Kaufering concentration camp

The clickable maps and pictures within this page illustrate facts related to Kaufering concentration camp. Kaufering concentration camps were a network of subsidiary camps of the Dachau concentration camp.

With the intensification of the Allied air war against German industrial and military enterprises after 1943, the German Armaments Ministry and the Schutzstaffel (SS) agreed to accelerate construction of massive underground factories, using large numbers of conscripted laborers and concentration camp prisoners. Hundreds of satellite camps attached to major Nazi concentration camps were established throughout the German Reich in 1944 and 1945. Inmates were compelled to hollow out the sides of mountains or caves for immense systems of tunnels and factories that would be secure from Allied bombs. Those who survived these tasks were often used to build new weaponry, such as the Messerschmitt Me 262 jet fighter, and V-2 ballistic missiles.

In Bavaria, two major camp systems, Mühldorf and Kaufering, were set up as subcamps of the Dachau concentration camp. Its inmates provided the labor necessary to build subterranean facilities for fighter aircraft production in the Landsberg area. The region was chosen in part because of its favorable geological composition for the construction of mammoth underground installations, which were to be insulated by 9 to 15 feet thick concrete walls. To house the concentration camp prisoners, the SS created camps near the proposed industrial sites. At the Kaufering and Mühldorf camps, prisoners often slept in poorly heated and badly provisioned earthen huts, which were partially submerged in the soil and covered with earth to disguise them from the air. The larger of Kaufering's 11 camps each contained several thousand prisoners, the vast majority of whom were Jews. Disease, malnutrition, and the brutal conditions in the workplace and in the camps took its toll on the inmates, resulting in a high mortality rate.

As U.S. armed forces approached the Kaufering complex in late April 1945, the SS began evacuating the camps, sending the prisoners on death marches in the direction of Dachau. Those inmates who could not keep up were often shot or beaten to death by the guards. At Kaufering IV, the SS set fire to the barracks killing hundreds of prisoners who were too ill or weak to move.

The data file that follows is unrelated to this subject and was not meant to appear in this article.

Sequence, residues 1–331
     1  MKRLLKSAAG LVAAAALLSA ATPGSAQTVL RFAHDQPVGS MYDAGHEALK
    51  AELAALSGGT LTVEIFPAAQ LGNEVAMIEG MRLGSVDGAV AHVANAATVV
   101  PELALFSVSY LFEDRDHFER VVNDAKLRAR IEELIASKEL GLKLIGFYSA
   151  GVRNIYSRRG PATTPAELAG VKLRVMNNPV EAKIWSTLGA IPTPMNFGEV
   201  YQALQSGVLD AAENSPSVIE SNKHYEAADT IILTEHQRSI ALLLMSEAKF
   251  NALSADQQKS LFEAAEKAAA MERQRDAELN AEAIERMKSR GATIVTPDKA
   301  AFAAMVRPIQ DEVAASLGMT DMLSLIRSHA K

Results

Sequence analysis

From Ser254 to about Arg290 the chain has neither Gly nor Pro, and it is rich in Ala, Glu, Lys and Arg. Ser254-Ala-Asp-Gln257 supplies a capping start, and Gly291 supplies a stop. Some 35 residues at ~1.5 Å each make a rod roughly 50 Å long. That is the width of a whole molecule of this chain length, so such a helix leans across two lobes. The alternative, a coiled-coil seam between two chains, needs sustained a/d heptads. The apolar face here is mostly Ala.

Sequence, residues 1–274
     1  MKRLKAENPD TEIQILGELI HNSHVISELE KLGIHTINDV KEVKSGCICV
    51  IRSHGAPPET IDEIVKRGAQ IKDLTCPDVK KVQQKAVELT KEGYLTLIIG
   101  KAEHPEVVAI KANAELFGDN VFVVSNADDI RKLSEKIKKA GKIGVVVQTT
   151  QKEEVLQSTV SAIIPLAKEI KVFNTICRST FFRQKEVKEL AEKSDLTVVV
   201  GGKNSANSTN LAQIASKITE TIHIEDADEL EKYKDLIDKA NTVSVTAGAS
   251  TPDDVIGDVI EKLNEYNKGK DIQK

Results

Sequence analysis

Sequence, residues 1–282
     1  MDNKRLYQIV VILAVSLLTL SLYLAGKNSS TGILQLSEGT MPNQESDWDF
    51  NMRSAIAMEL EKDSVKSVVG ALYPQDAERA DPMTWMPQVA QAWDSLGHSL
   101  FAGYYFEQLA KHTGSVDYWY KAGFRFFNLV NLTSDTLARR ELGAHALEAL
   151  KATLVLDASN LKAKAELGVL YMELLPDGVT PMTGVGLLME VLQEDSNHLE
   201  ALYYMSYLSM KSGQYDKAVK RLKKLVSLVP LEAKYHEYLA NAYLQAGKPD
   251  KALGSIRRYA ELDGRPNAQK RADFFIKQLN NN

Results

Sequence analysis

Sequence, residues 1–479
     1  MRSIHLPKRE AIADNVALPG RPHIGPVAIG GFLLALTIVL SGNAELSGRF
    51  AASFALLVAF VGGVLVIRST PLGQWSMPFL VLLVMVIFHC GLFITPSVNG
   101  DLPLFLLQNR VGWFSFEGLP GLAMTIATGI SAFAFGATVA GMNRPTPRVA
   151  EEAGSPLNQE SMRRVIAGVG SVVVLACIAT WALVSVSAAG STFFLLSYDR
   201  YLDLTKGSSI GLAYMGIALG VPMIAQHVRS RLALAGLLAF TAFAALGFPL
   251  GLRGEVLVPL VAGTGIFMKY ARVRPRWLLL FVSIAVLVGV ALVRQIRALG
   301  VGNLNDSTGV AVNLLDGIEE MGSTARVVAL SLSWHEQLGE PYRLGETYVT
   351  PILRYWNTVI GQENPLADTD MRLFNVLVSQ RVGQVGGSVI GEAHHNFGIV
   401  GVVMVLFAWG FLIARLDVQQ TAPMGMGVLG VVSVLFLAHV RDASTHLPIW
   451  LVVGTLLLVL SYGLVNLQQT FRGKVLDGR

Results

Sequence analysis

In popular culture

The liberation of Kaufering was dramatized in the "Why We Fight" episode of Band of Brothers.

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Close places of interest

Kaufering station (4.8 km)

Kaufering station is the station of the market town of Kaufering in the Upper Bavarian district of Landsberg am Lech. The station has five platform tracks and is classified by Deutsche Bahn as a category 4 station. It is used daily by about 140 trains operated by DB Regio and Regentalbahn and is an interchange station between the Allgäu Railway and the Bobingen–Landsberg am Lech railway (Lechfeld Railway). Location Kaufering station is located south of Kaufering. The station area is bounded to the north by Bahnhofstrasse and to the south by Viktor-Frankl-Straße.

Lechfeld Air Base (7.19 km)

Lechfeld Air Base is a German Air Force (Luftwaffe) base located 1 km east of Lagerlechfeld in Bavaria, about 20 km south of Augsburg on the Bundestrasse 17. It is the home of Training Division A of the School of Management Assistance, and of 32 Fighter Bomber Wing (Jagdbombergeschwader 32), part of the Luftwaffe's 1st Air Division. The two squadrons based there fly the Panavia Tornado. History In 1912, the military flight operations started at the Lechfeld, but were forbidden after the First World War. Flight operations were resumed in 1934 and a flight school was opened.

Landsberg-Lech Air Base (7.65 km)

Landsberg-Lech Air Base (German: Fliegerhorst Landsberg/Lech, ICAO: ETSA) is a German Air Force base located near the town of Landsberg am Lech in Bavaria. Landsberg is used as a transport base. It is home of the Air Transport Wing 61. Aircraft at the base are C-160 Transall and UH-1D Huey helicopters. History World War II With the formation of the Luftwaffe in 1935, locations for air bases were selected throughout the entire country. The Penzing area was selected for one of these bases because of the suitable geographical, navigational and other technical aspects.

Landsberg Prison (7.9 km)

Landsberg Prison is a penal facility located in the town of Landsberg am Lech in the southwest of the German state of Bavaria, about west of Munich and south of Augsburg. The prison was used by Allied power during the Occupation of Germany for holding Nazi War Criminals. In 1946 General Joseph T. McNarney, commander in chief, U.S. Forces of Occupation in Germany renamed Landsberg: War Criminal Prison Nr. 1. The Americans closed the war crimes facility in 1958. Control of the prison was then handed over to the Federal Republic of Germany.

Erpfting (10 km)

Erpfting is a borough of Landsberg am Lech in the district of Landsberg in Bavaria in Germany.

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